"You canker blossom!" 3 Shakespearean Insults
"friend," 1680s, originally university slang for "roommate," from alternative spelling of cham, short for chamber(mate); typical of the late-17c. fondness for clipped words. Among derived forms used 19c. were chumship; chummery "shared bachelor quarters," chummage "system of quartering more than one to a room."
"fish bait," 1857, perhaps from Scottish chum "food."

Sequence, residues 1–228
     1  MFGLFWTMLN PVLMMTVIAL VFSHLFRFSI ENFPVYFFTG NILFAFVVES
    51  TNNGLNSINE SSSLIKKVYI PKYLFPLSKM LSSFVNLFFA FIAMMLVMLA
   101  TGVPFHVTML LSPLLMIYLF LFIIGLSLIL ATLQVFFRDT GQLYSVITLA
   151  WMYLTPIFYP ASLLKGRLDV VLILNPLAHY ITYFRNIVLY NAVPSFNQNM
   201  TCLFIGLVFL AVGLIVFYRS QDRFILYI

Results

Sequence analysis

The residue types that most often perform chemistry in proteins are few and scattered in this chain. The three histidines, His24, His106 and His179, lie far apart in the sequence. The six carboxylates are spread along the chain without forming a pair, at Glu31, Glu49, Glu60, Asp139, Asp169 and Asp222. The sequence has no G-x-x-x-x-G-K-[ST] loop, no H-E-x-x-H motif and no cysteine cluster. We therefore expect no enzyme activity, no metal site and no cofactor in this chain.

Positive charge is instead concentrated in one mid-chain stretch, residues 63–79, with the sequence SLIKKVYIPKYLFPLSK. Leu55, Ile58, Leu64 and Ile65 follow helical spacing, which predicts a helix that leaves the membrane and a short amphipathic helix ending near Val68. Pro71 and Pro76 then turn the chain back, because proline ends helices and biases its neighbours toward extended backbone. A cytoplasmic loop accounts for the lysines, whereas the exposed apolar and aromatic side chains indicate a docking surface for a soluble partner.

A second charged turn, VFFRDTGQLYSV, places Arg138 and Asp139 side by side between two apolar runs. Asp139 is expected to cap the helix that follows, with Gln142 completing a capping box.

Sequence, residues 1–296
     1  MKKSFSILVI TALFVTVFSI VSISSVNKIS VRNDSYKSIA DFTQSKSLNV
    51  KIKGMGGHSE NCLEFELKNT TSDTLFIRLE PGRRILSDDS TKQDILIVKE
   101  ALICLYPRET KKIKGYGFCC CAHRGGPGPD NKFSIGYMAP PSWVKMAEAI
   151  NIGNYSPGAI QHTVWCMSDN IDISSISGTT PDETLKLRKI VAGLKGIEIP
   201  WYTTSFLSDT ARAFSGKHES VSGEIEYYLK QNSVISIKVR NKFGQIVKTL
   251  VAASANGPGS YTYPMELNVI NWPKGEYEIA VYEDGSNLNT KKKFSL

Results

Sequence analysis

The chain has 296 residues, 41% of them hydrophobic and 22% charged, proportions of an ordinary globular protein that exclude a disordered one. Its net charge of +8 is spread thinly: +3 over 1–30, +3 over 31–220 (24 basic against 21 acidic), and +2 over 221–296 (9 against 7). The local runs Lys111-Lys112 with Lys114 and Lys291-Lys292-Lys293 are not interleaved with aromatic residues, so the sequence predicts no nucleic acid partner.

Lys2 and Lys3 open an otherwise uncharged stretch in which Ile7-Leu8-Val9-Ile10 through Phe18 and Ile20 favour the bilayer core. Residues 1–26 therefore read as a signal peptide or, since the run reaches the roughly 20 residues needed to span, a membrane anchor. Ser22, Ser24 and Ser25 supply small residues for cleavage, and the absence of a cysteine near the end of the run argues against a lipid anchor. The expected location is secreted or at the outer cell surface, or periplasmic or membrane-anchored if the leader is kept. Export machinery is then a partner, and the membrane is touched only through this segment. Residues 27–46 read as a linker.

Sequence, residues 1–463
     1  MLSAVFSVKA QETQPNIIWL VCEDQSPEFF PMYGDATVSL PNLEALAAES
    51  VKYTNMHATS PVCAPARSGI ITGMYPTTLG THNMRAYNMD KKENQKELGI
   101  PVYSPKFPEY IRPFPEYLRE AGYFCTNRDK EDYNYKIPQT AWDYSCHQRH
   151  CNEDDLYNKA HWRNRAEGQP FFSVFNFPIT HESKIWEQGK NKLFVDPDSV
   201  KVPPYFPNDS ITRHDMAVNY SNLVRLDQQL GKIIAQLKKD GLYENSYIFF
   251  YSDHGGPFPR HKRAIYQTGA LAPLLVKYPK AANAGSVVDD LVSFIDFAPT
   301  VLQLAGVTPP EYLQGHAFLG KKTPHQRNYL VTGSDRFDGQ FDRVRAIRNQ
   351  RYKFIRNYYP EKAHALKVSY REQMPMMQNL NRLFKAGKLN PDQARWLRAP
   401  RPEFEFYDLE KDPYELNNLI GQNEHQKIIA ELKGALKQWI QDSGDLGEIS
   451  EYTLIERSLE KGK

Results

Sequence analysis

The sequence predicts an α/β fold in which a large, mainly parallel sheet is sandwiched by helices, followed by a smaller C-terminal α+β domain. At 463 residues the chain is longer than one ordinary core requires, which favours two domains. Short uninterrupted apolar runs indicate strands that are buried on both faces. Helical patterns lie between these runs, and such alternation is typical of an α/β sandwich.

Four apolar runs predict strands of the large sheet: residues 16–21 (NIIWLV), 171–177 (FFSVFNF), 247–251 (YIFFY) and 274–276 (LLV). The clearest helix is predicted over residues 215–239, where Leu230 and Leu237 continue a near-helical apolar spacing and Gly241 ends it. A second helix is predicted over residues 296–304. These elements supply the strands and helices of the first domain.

: Augie, start dumping the chum oververb
To throw ground-up bait into the water to attract fish: to chum for blues
[1850s+; origin unknown]
(also chum around): He chums with Georgie Ogle (1880s+)
[origin uncertain, but earlier uses strongly suggest chamber-mate or chamber-fellow as the etymon]